The Hour We Knew Nothing of Each Other

Abroad Bodó directs primarily in German-speaking areas. In Schauspielhaus Graz he has been a returning guest since 2007, the first full year of director Anna Badora.

His first work here was an adaptation of another Kafka: The Castle, followed a year later by Alice inspired by Lewis Carroll. For the latter, he received the Nestroy Prize, one of the most prestigious awards in the Austrian theatrical profession, for “Best Director” that season. At the Styria Theatre, his last two directions – Peter Handke’s The Hour We Knew Nothing Of Each Other and Ferenc Molnar’s Liliom – are still on the repertory.

Peter Handke’s The Hour We Knew Nothing Of Each Other with no text is an ideal choice for this special situation when Bodó want to bring half of Sputnik company to play alongside the Austrian performers.

Yet another truly entertaining musical show, The Hour uses both actual music and the music of movements, noises and silences in a way not unlike the great master Christoph Marthaler, while also employing the medium of film in a central role, showing us the action on stage with a hand-held camera. Everyday situations see the characters cross their paths, freeze for a moment, then go on doing their daily chores, while mini-houses show family portraits and sudden, light dance bits lighten our hearts.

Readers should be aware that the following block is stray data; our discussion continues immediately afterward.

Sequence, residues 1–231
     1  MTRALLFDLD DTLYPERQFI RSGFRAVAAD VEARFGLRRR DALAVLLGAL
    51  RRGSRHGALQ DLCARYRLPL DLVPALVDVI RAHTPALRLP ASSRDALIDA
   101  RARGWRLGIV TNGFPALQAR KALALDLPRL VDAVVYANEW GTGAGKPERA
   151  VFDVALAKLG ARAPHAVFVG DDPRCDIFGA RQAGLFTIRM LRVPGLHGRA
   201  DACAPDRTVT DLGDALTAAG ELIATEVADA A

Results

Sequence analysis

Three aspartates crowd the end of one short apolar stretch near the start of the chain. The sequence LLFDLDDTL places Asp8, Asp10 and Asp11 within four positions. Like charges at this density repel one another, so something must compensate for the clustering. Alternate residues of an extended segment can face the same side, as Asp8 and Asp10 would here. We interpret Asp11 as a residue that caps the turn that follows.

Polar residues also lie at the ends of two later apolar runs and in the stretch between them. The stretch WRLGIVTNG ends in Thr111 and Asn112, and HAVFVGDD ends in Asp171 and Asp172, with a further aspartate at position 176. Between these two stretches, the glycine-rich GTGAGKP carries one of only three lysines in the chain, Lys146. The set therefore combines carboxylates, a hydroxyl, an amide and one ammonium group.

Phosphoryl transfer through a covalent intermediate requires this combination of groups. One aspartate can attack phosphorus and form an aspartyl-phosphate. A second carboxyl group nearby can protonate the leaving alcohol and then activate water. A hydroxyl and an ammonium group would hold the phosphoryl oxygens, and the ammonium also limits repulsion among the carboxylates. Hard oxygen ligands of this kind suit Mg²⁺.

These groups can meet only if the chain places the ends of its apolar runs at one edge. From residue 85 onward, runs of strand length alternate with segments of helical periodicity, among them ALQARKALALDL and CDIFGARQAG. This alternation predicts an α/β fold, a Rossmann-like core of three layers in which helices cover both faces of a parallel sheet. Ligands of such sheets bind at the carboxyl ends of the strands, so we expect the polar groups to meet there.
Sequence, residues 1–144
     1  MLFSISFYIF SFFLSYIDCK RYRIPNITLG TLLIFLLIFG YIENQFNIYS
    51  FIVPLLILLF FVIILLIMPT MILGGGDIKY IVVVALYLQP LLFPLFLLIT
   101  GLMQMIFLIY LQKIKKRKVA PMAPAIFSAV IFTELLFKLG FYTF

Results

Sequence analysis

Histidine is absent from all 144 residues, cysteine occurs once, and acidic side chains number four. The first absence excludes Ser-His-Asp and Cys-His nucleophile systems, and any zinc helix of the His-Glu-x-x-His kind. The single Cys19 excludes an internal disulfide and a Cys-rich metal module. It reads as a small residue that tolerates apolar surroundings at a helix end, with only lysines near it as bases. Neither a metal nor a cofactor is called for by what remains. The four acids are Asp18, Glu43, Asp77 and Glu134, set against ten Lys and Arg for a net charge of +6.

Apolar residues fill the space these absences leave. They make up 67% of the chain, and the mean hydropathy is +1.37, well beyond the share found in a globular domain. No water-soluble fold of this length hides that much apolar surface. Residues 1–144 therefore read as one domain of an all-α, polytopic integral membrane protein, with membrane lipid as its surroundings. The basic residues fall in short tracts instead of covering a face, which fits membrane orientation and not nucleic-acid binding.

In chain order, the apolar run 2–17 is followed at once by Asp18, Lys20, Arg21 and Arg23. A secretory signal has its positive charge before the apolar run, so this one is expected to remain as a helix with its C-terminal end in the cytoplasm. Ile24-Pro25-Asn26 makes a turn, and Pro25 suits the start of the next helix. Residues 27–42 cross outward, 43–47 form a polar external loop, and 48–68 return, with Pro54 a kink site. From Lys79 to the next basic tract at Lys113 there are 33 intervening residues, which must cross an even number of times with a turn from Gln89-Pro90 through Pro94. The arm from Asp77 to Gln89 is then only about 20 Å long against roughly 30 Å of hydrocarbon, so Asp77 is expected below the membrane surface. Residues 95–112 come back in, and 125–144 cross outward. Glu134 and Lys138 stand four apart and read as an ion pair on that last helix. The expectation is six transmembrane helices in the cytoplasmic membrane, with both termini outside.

The Hour was invited to the Berliner Theatertreffen in 2010, a first for Schauspielhaus Graz and was referred to as “the theatrical event of the year” in Moscow. The Autumn Festival brought it to Hungary’s National Theatre for two shows.

Since The Hour’s big success, Bodó directed Ferenc Molnár’s Liliom and Bulgakov’s Master and Margarita in Graz both to great critical and popular acclaim.

Beyond his wonderful Hungarian actors Bodó’s artistic team includes his crucially important interpreter and dramaturg, Anna Veress (Bodó speaks neither German, nor English) and returning designers Fruzsina Nagy and Tamás Bányai.